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United States Patent 10,118,138
Tews November 6, 2018

Floating manure agitator with multidirectional agitator nozzles

Abstract

An aquatic floating manure agitator vessel including a plurality of remotely controlled above-surface agitator nozzles which are visibly positioned on the vessel and hydraulically movable about multiple axes to facilitate effective pond agitation and directional control of the floating agitator. The floating agitator includes a vertically adjustable hydraulic undercarriage and hitch mechanism to facilitate ease of maneuverability during launching and removal of the floating agitator, and for probing the pond bottom for excess sludge build-up. The floating agitator also includes hydraulically folding side wings or pontoons mounted on each side of the vessel to further enhance ease of maneuverability and storage of the vessel.


Inventors: Tews; James Timothy (Winona, MN)
Applicant:
Name City State Country Type

Tews; James Timothy

Winona

MN

US
Family ID: 1000003630390
Appl. No.: 14/740,611
Filed: June 16, 2015


Prior Publication Data

Document IdentifierPublication Date
US 20150367297 A1Dec 24, 2015

Related U.S. Patent Documents

Application NumberFiling DatePatent NumberIssue Date
62014958Jun 20, 2014

Current U.S. Class: 1/1
Current CPC Class: B01F 5/0225 (20130101); B01F 5/025 (20130101); B01F 5/0218 (20130101); B01F 5/10 (20130101); B01F 13/0049 (20130101); B01F 15/00305 (20130101); B01F 5/0243 (20130101); B01F 2215/0001 (20130101)
Current International Class: B01F 5/02 (20060101); B01F 5/10 (20060101); B01F 13/00 (20060101); B01F 15/00 (20060101)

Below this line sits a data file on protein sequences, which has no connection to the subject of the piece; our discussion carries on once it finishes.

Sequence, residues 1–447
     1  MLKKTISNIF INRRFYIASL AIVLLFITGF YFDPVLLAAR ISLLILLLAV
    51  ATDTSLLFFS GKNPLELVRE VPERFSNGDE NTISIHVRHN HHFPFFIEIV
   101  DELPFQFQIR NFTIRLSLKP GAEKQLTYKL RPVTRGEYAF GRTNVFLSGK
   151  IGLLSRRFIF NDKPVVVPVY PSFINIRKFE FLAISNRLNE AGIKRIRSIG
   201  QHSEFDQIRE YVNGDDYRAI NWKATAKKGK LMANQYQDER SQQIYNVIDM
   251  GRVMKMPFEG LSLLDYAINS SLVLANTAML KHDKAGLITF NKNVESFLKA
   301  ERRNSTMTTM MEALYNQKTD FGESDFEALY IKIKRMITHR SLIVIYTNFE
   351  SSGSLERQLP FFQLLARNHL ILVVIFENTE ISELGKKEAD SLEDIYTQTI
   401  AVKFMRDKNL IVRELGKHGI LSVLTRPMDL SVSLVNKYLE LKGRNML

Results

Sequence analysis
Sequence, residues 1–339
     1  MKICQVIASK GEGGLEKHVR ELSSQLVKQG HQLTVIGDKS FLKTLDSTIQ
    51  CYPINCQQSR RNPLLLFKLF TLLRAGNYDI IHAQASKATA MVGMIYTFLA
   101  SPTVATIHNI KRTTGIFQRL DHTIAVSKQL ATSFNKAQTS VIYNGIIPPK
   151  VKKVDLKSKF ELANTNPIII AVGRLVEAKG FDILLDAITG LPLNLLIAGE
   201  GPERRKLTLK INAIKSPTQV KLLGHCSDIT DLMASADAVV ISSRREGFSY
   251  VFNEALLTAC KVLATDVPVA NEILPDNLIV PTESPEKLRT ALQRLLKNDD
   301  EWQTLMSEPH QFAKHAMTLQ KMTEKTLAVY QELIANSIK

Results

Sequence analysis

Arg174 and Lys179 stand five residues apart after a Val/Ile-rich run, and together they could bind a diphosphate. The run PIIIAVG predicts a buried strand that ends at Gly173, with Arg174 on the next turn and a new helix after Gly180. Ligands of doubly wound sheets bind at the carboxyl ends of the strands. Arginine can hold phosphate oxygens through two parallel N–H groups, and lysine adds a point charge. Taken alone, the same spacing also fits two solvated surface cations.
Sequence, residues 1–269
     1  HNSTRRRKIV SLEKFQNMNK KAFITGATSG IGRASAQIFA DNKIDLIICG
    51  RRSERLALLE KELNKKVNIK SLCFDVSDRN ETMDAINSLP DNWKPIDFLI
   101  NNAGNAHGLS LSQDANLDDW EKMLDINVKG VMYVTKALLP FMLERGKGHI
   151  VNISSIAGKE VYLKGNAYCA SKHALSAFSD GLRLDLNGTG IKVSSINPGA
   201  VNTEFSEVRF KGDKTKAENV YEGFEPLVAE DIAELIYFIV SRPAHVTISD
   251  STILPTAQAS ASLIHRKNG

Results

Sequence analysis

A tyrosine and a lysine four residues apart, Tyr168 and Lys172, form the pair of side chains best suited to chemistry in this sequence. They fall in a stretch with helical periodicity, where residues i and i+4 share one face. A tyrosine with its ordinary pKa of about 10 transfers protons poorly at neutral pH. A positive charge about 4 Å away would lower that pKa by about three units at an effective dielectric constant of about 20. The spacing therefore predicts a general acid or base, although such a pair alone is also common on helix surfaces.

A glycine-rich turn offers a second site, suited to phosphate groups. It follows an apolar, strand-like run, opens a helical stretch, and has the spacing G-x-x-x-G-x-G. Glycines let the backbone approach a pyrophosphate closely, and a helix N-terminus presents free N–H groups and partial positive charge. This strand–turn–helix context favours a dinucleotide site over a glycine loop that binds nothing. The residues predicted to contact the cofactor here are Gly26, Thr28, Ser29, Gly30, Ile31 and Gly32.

References Cited [Referenced By]

U.S. Patent Documents
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2014/0076820 March 2014 Caldwell
2014/0112093 April 2014 Puck
2015/0216118 August 2015 Swinney, II
2015/0367297 December 2015 Tews
2017/0232809 August 2017 Nuhn
2018/0036692 February 2018 Bearinger
Primary Examiner: Soohoo; Tony G
Attorney, Agent or Firm: Schroeder & Siegfried, P.A.

Claims



The invention claimed is:

1. A remotely controllable floating aquatic manure agitator, comprising: (a) an aquatic vessel being constructed to float upon a reservoir of manure effluent, said vessel having a deck with outer confines defining a bow end and a stern end, a starboard side and a port side, and an upper surface supported above said reservoir; (b) a plurality of agitator nozzles mounted on the upper surface of said vessel deck, each of said agitator nozzles being configured for pivotal movement about multiple axes relative to said deck, and for rotational movement beyond said outer confines of one of said bow end and said stern end of said deck, and at least one of said starboard side and said port side of said deck; (c) a hydraulically controlled actuating mechanism connected to each of said agitator nozzles for controlling movement thereof about each of said multiple axes; (d) a handheld user remote control unit controllably linked to said hydraulically controlled actuating mechanism for each of said agitator nozzles for remotely controlling the operation thereof; (e) a fluid pump mounted on said deck of said vessel, said pump being configured to extract said manure effluent from said reservoir and pump said manure effluent through said agitator nozzles in order to agitate said manure effluent and manage directional control of said vessel; and (f) each of said agitator nozzles being readily viewable above said upper surface of said deck for ease of managing agitation of said manure effluent and directional control of said vessel.